• LOAD, that will push to the stack the value of the given variable;
  • STORE, that will pop the stack head and save it in the given variable.

Here are the tests:

    @Test
    public void testLoadVariableNotInitialized() {
        CPU cpu = new CPU(LOAD, 0, HALT);
        assertProgramRunsToHaltAndInstructionAddressIs(cpu, 3);
        assertStackContains(cpu, 0);
    }

    @Test
    public void testStoreVariable() {
        CPU cpu = new CPU(PUSH, 42, STORE, 0, HALT);
        assertProgramRunsToHaltAndInstructionAddressIs(cpu, 5);
        assertStackIsEmpty(cpu);
        assertVariableValues(cpu, 42);
    }

    @Test
    public void testStoreAndLoadVariable() {
        CPU cpu = new CPU(PUSH, 42, STORE, 0, LOAD, 0, HALT);
        assertProgramRunsToHaltAndInstructionAddressIs(cpu, 7);
        assertStackContains(cpu, 42);
        assertVariableValues(cpu, 42);
    }

    @Test(expected = InvalidProgramException.class)
    public void testLoadNeedsOneArgument() {
        CPU cpu = new CPU(LOAD);
        cpu.run();
    }

    @Test(expected = InvalidProgramException.class)
    public void testStoreNeedsOneArgument() {
        CPU cpu = new CPU(STORE);
        cpu.run();
    }

    @Test(expected = InvalidProgramException.class)
    public void testStoreNeedsOneItemOnTheStack() {
        CPU cpu = new CPU(STORE, 0, HALT);
        cpu.run();
    }

    private void assertVariableValues(CPU cpu, int... expectedVariableValues) {
        Frame frame = cpu.getCurrentFrame();
        for (int varNumber = 0; varNumber < expectedVariableValues.length; varNumber++) {
            int expectedVariableValue = expectedVariableValues[varNumber];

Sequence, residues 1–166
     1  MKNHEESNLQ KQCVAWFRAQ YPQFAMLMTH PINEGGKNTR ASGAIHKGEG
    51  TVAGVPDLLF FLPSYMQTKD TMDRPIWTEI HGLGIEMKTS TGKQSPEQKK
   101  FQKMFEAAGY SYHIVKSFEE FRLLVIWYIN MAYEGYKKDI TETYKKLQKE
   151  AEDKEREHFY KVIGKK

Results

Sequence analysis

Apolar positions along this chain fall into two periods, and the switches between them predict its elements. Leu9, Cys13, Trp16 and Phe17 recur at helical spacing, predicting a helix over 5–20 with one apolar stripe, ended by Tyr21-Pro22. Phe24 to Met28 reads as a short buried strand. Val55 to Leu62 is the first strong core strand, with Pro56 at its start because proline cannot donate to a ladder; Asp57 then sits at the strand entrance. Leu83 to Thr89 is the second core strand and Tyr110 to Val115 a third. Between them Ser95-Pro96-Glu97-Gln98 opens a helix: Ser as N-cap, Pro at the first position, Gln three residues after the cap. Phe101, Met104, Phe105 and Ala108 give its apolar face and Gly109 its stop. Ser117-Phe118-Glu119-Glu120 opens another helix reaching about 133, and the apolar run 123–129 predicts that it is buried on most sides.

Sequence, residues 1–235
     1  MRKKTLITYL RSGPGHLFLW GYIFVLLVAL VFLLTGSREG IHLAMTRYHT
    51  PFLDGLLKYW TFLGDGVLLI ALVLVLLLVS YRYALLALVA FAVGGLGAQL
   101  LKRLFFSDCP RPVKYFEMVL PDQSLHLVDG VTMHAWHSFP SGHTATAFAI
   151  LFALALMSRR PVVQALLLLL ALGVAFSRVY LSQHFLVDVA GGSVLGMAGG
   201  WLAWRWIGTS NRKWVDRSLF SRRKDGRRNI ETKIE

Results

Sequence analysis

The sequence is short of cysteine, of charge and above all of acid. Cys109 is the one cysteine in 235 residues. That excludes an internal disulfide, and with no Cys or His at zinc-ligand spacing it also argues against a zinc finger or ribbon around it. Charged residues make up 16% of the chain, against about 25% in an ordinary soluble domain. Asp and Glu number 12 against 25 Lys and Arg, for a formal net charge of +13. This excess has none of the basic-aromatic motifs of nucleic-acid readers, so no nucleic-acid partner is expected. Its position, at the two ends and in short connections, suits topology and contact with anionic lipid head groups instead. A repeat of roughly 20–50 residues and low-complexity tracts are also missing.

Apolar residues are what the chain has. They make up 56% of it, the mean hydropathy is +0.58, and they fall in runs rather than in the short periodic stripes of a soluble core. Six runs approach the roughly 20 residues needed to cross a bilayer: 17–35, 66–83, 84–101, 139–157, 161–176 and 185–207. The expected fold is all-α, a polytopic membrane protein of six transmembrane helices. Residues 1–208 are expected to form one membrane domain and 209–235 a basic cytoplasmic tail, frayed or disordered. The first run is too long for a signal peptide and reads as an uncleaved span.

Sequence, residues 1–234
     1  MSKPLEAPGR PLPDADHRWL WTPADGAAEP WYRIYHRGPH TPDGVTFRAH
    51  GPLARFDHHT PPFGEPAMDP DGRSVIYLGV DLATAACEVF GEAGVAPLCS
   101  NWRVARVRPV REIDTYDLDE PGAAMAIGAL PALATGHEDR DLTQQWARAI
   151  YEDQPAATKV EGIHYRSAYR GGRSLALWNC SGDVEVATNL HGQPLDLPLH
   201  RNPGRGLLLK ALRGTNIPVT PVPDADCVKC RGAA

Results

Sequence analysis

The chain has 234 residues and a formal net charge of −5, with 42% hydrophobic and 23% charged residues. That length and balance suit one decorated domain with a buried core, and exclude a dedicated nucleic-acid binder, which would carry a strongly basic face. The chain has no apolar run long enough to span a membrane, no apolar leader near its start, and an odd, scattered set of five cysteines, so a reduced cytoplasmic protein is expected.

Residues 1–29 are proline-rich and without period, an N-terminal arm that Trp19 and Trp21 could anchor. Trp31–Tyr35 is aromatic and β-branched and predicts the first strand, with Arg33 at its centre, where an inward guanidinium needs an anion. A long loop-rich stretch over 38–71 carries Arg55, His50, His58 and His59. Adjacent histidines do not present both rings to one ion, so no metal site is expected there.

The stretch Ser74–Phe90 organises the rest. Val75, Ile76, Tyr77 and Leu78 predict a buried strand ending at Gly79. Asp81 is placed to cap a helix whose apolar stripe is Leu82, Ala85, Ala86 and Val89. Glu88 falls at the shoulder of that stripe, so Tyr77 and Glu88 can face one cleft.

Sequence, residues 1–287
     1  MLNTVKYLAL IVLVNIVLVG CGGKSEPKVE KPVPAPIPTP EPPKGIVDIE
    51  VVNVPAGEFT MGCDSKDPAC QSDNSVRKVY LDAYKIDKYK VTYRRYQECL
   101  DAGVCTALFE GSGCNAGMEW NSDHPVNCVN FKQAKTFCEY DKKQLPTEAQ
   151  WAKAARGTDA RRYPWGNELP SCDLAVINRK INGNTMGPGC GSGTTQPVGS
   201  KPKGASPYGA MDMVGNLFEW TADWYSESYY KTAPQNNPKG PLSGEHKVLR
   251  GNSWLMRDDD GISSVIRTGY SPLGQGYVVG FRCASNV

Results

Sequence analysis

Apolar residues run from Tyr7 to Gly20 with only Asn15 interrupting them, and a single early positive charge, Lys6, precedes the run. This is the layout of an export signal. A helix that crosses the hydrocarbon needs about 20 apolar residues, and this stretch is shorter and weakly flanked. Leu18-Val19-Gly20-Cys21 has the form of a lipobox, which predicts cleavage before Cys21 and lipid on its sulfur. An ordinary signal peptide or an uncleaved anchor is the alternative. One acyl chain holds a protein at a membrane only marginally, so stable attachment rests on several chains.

assertEquals("Checking variable #" + varNumber, expectedVariableValue, frame.getVariable(varNumber));
        }
    }

The convention is that uninitialized variables will contain the value 0. We have created a new, trivial class called Frame to store the current variables:

public class Frame {
    private final Map<Integer, Integer> variables = new HashMap<>();

    public int getVariable(int varNumber) {
        return variables.getOrDefault(varNumber, 0);
    }

    public void setVariable(int varNumber, int value) {
        variables.put(varNumber, value);
    }
}

The code to make this work is quite simple: in our CPU class we have added a new Frame variable:

public class CPU {
    // rest as before
    private Frame currentFrame = new Frame();
    
    // in the instruction switch:
           case LOAD: {
               int varNumber = getNextWordFromProgram("Should have the variable number after the LOAD instruction");
               stack.push(currentFrame.getVariable(varNumber));
               break;
           }

           case STORE: {
               int varNumber = getNextWordFromProgram("Should have the variable number after the STORE instruction");
               checkStackHasAtLeastOneItem("STORE");
               currentFrame.setVariable(varNumber, stack.pop());
               break;
           }

With these changes, our tests pass.

Conclusion

We have now enough instructions to implement if, for and while statement in our bytecode; however, for space reasons, the discussion about them will be left for the next post.

Update: part 5 is out now.